Sault Ste. Marie Tribe of Chippewa Indians is the majority owner
By David Runk -- Associated Press
DETROIT (AP) - Greektown Casino said May 30 that gamers won't notice any changes and its ongoing $500 million expansion project, which includes a permanent hotel, will continue despite its filing for bankruptcy protection.
Casino officials also have told employees that they don't expect job cuts as part of a reorganization.
Greektown Holdings LLC, Greektown Casino LLC and their affiliates filed for Chapter 11 bankruptcy protection May 29 in U.S. Bankruptcy Court in Detroit after failing to comply with terms of a credit line.
''As we reorganize our business and complete our permanent casino construction with additional financing, the goal is a bigger and more viable Greektown Casino,'' casino management board chairman Tom Miller said in a statement.
The casino said it was finalizing $150 million in financing with its banks to continue operating and finish building its expanded gaming floor, which is expected to open this summer, and 400-room hotel, which is scheduled for completion early next year. Construction work continued May 30.
''With the support and confidence of our creditors, we have developed a plan to reorganize our business, and we will be implementing these action steps,'' Miller said.
Greektown Holdings said in a bankruptcy court filing its failure to comply with loan agreements with Merrill Lynch, Pierce, Fenner & Smith Inc. meant it couldn't draw money from its credit line and made it difficult to incur new debt without bankruptcy protection. That loan was $314.5 million as of March 31, the filing said.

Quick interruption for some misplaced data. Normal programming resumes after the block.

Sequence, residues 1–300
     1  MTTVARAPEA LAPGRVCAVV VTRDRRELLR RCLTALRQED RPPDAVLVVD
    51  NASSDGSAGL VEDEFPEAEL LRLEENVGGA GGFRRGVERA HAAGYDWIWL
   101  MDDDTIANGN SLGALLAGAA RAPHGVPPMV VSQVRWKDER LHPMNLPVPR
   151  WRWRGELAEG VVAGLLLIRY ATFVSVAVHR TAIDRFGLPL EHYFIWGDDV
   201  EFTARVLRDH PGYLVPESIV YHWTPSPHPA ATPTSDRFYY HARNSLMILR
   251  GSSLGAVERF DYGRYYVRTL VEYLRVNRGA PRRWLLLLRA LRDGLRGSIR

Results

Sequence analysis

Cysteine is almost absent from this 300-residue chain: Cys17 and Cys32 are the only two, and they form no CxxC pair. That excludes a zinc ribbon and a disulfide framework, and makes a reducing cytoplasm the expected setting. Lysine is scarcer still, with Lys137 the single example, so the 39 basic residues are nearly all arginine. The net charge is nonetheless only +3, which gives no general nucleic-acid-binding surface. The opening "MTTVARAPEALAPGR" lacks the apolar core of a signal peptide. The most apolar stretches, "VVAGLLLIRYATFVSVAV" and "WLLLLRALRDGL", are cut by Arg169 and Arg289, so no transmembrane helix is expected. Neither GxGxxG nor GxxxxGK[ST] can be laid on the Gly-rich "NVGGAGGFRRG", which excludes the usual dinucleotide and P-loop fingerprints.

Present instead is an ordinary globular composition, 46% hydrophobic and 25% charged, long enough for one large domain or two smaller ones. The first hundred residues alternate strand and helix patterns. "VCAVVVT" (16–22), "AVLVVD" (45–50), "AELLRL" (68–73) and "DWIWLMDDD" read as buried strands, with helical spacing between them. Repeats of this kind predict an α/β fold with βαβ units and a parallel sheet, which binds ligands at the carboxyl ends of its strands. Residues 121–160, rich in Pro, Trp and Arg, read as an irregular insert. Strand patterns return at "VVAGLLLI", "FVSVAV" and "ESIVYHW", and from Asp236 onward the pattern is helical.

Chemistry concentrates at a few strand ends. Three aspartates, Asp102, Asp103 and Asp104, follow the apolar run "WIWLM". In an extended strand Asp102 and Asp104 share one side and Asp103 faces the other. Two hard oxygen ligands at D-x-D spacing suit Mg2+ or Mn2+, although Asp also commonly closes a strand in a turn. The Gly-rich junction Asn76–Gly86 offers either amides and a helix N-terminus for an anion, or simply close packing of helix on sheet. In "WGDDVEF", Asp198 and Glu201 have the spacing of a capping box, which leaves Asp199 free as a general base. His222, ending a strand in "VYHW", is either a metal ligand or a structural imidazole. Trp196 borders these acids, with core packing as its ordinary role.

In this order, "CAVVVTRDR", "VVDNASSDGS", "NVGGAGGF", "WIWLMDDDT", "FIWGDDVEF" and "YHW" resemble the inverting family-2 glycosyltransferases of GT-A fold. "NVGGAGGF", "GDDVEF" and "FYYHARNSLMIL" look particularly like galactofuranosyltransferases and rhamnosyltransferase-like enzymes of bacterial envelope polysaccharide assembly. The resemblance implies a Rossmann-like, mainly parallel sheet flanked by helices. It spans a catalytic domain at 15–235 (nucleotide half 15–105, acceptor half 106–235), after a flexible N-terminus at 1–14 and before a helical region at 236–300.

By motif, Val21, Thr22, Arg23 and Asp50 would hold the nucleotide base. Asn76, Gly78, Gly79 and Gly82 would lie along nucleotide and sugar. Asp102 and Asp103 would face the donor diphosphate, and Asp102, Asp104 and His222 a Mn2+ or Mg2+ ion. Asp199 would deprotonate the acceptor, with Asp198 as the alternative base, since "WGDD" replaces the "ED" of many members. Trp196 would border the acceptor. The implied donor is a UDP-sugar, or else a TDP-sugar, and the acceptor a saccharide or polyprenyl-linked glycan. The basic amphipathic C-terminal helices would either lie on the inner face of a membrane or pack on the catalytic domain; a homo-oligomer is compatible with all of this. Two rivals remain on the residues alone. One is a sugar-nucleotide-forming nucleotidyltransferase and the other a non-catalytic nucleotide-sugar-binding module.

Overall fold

The Sault Ste. Marie Tribe of Chippewa Indians is the majority owner of the casino, which is one of three Detroit casinos.
Tribal Chairman Aaron Payment said Greektown Casino employees were told May 29 that they shouldn't fear that their jobs might be at risk because of the bankruptcy filing. He blamed the filing in part on state casino regulators.
''We have filed for Chapter 11 to protect our assets from the unfair covenants placed upon Greektown Casino by the Michigan Gaming Control Board, a standard that the other two casinos in Detroit do not have to follow,'' Payment said.
Michigan Gaming Control Board Executive Director Rick Kalm denied Payment's claim, saying the board wasn't the reason behind the bankruptcy filing. He said the covenants, in place since 2005, are based on industry standards.
''Those covenants were agreed upon by the tribe when they were seeking additional financing,'' Kalm said.
The board had set a June 10 deadline for Greektown Casino to show why the state shouldn't force its sale. Michigan said the casino hadn't met state-mandated financial goals.
Asked about Greektown Casino at the Detroit Regional Chamber Mackinac Policy Conference on Mackinac Island, Gov. Jennifer Granholm said she planned to look into the reasons behind the bankruptcy filing.
''I need to find out what the reasons are behind that, because most casinos are doing very, very well,'' she said.
In November, Greektown Casino finished an attached parking structure, the first phase of construction on its new permanent facilities. The hotel complex had been scheduled to open this fall, but casino spokesman Roger Martin said that target has been pushed back by delays in construction.
MGM Grand Detroit and MotorCity Casino both have permanent hotel complexes in Detroit. The construction of permanent gaming facilities by the three casinos has been a key part of efforts to revitalize the city.
On Mackinac Island, Detroit Mayor Kwame Kilpatrick said the city depends on money collected from the casinos to operate and he's hopeful that Greektown Casino successfully navigates bankruptcy protection.
''I want to care about Greektown, but I care more about the dollars ... and taxes that we get, and I'm hopeful they can come out of this vibrant and alive because they've been adding to the vitality of downtown Detroit,'' Kilpatrick said.
Associated Press Writer John Flesher on Mackinac Island contributed to this report.
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